Alas, spring break was not forever. Everyone’s career caromed in different directions, almost immediately. Hudgens and Gomez pivoted to cozier fare—cooking, Christmas movies, Steve Martin. Benson finished a run with PLL and took exactly zero additional movies in which she does blow off a naked woman. Korine took seven years to release a follow-up, 2019’s shaggy-dog shrug Beach Bum, which treated middle age as a sort of timeless parody, as if everything after adolescence was a pointless blur. He and Rachel, who retired in 2015, have two kids. Gucci Mane went to jail and came back sober, swole, and settled down. Franco’s trajectory is entirely different—a series of sexual assault allegations, beginning in 2014, gathered steam, eventually sending him packing from Hollywood.

In some ways, this makes the movie a time capsule: that any of these stars would ever be in this position, in these configurations, and also listening to Skrillex, is now impossible to consider. Strange, too, to think the movie was only the third release by the studio A24, which would go on to become a powerhouse producer of high-concept genre fare (including newly minted Best Picture-winner Everything Everywhere All At Once). The film feels like an early thesis statement of what made the A24 style so refreshing, splitting the difference between Terrence Malick and Michael Bay in a way that neatly reflects then-relevant conversations about “vulgar auteurism.”


But viewed 10 years later, our understanding of every artist’s career arc only adds to the movie’s power, its feeling of a weekend that stretched on too long and forced everyone involved into increasingly higher-stakes party activities. Hudgens is particularly fearless, her character (who one early onlooker says “got demon blood”) relishing each step into an underworld of drugs, guns, and money. Perhaps no scene is more haunted than the famous Britney Spears singalong, at the time a trashy, pop-art nod but today freighted with our understanding of how little control the star had over her own life at the time. The unironic paean to the original Disney princess crystallizes the feeling of Spring Breakers as an act of rebellion from its young stars.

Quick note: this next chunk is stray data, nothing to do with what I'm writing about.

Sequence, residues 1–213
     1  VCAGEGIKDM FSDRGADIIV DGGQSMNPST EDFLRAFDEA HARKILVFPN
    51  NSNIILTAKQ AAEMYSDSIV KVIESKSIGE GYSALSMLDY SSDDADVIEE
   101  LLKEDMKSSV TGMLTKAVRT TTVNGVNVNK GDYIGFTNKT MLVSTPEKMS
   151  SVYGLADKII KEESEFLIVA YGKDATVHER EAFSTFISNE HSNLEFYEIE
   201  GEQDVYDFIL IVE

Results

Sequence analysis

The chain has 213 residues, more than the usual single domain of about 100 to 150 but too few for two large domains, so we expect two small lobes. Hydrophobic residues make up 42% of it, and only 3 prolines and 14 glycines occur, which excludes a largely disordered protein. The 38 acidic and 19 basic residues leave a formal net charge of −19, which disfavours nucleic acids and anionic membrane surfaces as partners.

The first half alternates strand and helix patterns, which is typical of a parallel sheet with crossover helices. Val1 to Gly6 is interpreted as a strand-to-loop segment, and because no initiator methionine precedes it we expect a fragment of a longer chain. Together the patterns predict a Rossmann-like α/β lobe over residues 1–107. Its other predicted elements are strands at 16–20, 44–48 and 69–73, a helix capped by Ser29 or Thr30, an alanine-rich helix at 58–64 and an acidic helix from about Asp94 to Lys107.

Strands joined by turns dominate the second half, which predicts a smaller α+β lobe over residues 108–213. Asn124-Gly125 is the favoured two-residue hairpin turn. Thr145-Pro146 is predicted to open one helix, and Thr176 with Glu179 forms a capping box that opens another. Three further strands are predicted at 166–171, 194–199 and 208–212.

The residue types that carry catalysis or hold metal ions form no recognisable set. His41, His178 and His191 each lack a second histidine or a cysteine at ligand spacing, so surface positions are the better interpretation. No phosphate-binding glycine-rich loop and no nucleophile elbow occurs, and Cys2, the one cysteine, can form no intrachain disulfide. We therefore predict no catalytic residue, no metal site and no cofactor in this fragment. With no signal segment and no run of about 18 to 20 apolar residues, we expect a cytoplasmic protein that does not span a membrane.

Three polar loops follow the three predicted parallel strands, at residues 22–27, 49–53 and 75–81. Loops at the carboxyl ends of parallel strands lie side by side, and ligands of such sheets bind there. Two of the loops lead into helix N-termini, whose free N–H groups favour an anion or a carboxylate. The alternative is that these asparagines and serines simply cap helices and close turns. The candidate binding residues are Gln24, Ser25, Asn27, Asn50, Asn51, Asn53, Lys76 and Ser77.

The makings of a masterpiece, and also a time capsule.

Photo by Muse Prods/Kobal/Shutterstock.

The girls refer to their trip alternately as “a videogame,” “a movie,” “a break from reality,” a nested world in which they do not wear anything besides bikinis even when standing before a judge. They speak repeatedly of their fear that their dream might end, like imaginary friends desperate to not be forgotten. But of course, vacation, like youth, does end. When I watched the movie recently, it was on my laptop with earbuds; I didn’t want to wake anyone up when the beats dropped. What remains of youth are pictures and music, both of which can be transportive, and which burst from Spring Breakers like few films of its era. Which is to say that it does not matter when or how you watch it. You will smell the vodka. The kids we see in throes of idiot glee flipping off the camera look immortal, because, in a way, they are. Spring break isn’t forever, but Spring Breakers is.

FromEsquire US

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Clayton Purdom
Clayton Purdom is a writer and editor based in Shaker Heights, Ohio. As well as Esquire, his writing on culture and technology has appeared in Rolling Stone, GQ, and Bloomberg.